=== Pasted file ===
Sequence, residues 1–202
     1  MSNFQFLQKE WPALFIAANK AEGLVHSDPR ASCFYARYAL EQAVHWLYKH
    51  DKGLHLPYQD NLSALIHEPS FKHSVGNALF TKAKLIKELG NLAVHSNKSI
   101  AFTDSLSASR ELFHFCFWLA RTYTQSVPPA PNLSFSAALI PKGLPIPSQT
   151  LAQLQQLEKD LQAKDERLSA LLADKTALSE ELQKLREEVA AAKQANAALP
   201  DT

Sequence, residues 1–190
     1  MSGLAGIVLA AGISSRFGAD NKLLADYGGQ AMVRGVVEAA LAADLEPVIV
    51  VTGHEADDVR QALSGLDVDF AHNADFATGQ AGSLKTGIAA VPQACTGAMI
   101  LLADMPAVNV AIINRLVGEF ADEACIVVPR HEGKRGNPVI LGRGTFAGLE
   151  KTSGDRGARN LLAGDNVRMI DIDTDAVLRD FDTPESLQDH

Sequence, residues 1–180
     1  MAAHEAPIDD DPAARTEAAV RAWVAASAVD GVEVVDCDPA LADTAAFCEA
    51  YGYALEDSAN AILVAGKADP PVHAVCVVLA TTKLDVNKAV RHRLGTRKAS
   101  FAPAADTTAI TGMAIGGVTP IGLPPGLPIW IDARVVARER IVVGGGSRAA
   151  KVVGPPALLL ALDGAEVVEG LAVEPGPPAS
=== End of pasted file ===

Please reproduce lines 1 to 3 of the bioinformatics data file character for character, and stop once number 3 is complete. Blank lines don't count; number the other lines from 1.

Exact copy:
Sequence, residues 1–202
     1  MSNFQFLQKE WPALFIAANK AEGLVHSDPR ASCFYARYAL EQAVHWLYKH
    51  DKGLHLPYQD NLSALIHEPS FKHSVGNALF TKAKLIKELG NLAVHSNKSI